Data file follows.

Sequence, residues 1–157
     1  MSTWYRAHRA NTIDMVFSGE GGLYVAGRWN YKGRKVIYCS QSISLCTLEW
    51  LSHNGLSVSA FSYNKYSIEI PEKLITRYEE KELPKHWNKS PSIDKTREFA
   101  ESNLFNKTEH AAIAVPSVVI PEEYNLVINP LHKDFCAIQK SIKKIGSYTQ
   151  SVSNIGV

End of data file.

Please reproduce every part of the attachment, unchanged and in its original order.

Sequence, residues 1–157
     1  MSTWYRAHRA NTIDMVFSGE GGLYVAGRWN YKGRKVIYCS QSISLCTLEW
    51  LSHNGLSVSA FSYNKYSIEI PEKLITRYEE KELPKHWNKS PSIDKTREFA
   101  ESNLFNKTEH AAIAVPSVVI PEEYNLVINP LHKDFCAIQK SIKKIGSYTQ
   151  SVSNIGV